Wall Street is ready to put another month of gains in the books


U.S. stock futures were higher this morning trading after a modestly lower first day back from the long weekend. On the final day of May, the Dow, S&P 500, and Nasdaq were set to post multimonth winning streaks. (CNBC)

June is the fourth worst in terms of historical S&P performance, but stocks are more likely to take a pause and move sideways this summer than roll over in a "June swoon," according to a number of strategists. (CNBC)

Michael Kors (KORS) beat estimates on quarterly earnings and revenue, but reported a larger than expected drop in same-store sales. The luxury goods company warned on outlook and said it plans to close 100 to 125 full-price stores over the next two years. (CNBC)

Oil was sharply lower this morning as rising output from Libya added to concerns about the increasing U.S. supply that's undermining OPEC-led production cuts aimed at tightening the market in hopes of increasing prices. (Reuters)

The pound was under pressure in reaction to a new YouGov projection that raises the chances Theresa May's Conservative party could lose several seats in the upcoming UK election, resulting in a potential hung parliament, with no party claiming a majority. (FT)

On this morning's U.S. economic calendar, the Chicago purchasing managers index for May is out at 9:45 a.m. ET. The National Association of Realtors releases April pending home sales at 10 a.m. ET. The Fed issues its latest beige book of regional economic conditions.

If buyers can't find a home to buy, then they don't need a mortgage. That's what's likely driving the weakness in mortgage applications, which fell 3.4 percent last week. (CNBC)

Dallas Fed President Rob Kaplan speaks at 8 a.m. ET after telling CNBC Tuesday he sees two more rate hikes this year and reductions of the Fed's balance sheet. San Francisco Fed President John Williams speaks at 8:10 a.m. ET this morning.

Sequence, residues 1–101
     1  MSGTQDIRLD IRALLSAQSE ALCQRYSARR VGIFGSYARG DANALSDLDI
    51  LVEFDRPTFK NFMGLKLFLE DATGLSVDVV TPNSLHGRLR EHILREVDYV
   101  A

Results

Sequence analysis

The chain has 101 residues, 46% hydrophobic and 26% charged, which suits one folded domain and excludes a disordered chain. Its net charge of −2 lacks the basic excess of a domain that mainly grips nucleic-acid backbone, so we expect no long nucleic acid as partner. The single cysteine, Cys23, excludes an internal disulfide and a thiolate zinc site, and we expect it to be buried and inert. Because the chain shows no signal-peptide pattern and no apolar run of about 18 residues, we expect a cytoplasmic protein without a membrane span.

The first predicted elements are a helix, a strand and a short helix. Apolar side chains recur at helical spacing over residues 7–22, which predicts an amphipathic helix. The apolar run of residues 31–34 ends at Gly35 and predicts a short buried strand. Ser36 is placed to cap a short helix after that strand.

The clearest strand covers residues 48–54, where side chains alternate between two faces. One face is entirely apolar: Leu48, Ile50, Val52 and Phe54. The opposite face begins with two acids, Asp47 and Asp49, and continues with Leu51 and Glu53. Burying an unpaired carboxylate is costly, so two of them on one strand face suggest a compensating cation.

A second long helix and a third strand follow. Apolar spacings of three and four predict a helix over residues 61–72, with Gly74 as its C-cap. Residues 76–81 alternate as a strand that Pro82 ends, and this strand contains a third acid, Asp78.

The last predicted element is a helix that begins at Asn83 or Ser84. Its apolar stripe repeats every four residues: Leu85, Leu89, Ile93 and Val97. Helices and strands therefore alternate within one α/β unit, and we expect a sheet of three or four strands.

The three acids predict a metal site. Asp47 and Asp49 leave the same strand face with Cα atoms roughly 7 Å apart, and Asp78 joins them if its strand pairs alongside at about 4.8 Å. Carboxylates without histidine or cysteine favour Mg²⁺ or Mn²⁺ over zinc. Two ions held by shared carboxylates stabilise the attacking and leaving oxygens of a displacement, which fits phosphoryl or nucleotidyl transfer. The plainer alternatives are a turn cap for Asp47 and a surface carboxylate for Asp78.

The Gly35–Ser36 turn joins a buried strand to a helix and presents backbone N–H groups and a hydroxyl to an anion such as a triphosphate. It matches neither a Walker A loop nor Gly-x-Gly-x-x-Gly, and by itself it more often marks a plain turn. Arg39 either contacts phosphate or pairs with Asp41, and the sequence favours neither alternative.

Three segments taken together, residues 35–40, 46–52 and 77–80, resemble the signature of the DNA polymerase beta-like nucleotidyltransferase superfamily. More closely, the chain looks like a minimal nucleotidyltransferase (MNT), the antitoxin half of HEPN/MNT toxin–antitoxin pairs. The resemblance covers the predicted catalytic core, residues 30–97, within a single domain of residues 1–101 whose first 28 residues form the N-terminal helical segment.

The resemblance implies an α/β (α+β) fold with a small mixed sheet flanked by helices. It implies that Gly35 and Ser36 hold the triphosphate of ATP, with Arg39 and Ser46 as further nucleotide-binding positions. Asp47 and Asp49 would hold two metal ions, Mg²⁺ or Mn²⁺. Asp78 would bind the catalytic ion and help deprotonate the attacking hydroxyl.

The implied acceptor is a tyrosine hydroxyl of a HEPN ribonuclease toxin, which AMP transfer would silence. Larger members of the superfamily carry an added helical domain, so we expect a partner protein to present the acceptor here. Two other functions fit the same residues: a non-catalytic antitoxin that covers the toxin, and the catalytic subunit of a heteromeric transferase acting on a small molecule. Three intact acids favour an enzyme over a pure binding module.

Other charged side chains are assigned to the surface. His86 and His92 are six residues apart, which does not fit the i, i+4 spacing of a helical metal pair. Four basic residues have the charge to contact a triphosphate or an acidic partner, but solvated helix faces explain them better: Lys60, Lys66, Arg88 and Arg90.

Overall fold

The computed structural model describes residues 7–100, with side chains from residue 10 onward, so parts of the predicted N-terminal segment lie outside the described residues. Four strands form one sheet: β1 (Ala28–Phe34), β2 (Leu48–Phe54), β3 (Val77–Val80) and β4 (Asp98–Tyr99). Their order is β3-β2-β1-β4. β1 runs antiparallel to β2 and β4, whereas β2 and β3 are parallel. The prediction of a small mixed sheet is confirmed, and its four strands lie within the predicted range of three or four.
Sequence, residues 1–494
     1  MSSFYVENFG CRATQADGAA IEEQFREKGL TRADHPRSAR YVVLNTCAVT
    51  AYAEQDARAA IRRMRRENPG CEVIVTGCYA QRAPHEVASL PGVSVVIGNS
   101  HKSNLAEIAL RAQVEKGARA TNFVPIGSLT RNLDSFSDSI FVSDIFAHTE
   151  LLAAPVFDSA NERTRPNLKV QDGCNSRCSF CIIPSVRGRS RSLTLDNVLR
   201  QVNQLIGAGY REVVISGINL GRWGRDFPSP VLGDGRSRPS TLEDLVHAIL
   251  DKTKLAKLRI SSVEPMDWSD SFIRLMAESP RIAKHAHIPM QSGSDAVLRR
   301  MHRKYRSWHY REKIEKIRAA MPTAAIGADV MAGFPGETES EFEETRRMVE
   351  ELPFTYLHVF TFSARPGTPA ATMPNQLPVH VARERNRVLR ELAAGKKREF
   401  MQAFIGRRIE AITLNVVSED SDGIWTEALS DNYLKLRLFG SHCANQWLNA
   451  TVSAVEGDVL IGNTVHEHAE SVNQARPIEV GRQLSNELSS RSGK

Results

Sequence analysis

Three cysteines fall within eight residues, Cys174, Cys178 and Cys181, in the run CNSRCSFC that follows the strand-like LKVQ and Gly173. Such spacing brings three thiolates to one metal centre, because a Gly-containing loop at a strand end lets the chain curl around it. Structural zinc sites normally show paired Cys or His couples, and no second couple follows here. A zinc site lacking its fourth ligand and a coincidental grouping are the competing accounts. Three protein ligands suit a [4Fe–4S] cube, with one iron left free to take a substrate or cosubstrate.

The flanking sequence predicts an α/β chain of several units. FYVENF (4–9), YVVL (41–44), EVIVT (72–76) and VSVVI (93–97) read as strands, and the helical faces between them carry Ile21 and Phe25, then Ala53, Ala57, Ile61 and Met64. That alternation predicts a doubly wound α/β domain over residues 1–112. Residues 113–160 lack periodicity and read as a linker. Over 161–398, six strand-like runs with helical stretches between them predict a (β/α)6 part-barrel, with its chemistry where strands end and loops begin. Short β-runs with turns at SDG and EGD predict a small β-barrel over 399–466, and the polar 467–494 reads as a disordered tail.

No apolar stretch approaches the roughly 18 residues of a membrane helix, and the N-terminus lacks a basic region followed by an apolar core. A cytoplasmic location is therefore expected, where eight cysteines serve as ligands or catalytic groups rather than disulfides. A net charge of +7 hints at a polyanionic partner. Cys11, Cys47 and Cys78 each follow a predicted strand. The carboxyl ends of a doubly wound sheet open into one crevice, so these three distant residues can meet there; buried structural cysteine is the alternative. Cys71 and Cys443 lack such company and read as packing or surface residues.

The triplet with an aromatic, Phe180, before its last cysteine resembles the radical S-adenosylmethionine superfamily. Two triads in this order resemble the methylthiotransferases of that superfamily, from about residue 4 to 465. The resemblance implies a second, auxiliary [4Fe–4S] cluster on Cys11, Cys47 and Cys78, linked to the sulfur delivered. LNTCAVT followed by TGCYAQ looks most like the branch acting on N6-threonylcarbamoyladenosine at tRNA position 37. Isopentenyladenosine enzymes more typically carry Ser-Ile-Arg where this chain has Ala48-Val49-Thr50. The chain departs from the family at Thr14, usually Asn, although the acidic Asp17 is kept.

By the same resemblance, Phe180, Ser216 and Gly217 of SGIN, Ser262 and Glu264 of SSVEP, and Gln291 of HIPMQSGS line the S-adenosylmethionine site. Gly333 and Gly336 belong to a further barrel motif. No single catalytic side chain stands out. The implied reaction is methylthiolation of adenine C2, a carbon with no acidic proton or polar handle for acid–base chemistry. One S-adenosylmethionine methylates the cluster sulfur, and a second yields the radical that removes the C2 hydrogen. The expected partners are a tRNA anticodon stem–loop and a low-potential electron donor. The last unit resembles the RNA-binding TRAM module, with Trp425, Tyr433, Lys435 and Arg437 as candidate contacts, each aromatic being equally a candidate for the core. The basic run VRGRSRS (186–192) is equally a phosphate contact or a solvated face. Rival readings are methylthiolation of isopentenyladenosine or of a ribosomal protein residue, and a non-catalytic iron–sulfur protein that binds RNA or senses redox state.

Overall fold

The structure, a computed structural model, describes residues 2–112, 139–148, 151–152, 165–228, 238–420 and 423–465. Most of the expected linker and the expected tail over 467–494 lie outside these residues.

A suicide bombing near Afghanistan's presidential palace in Kabul has killed at least 80 people and wounded more than 300. The powerful explosion took place during rush-hour traffic. (NBC News)

A re-engineered American interceptor rocket collided with a mock intercontinental ballistic missile on Tuesday afternoon in the skies over the Pacific Ocean, in the first successful test of whether it could shoot down a warhead from North Korea. (NY Times)

Vietnam's prime minister, who visits President Donald Trump at the White House today, said he'll sign deals worth up to $17 billion for U.S. goods and services, mostly for high-tech products. (Reuters)

After a series of angry Trump tweets directed toward Germany over trade, Commerce Secretary Wilbur Ross told CNBC he's open to continuing talks on a proposed trade pact with the European Union.

President Trump has been handing out his cellphone number to world leaders and urging them to call him directly, an unusual invitation that breaks diplomatic protocol and raises security concerns. (AP)

Trump posted vague, midnight tweet about "negative press covfefe," apparently meaning to type coverage. About six hours later, it was deleted, and in a new tweet the president said, "Who can figure out the true meaning." (USA Today)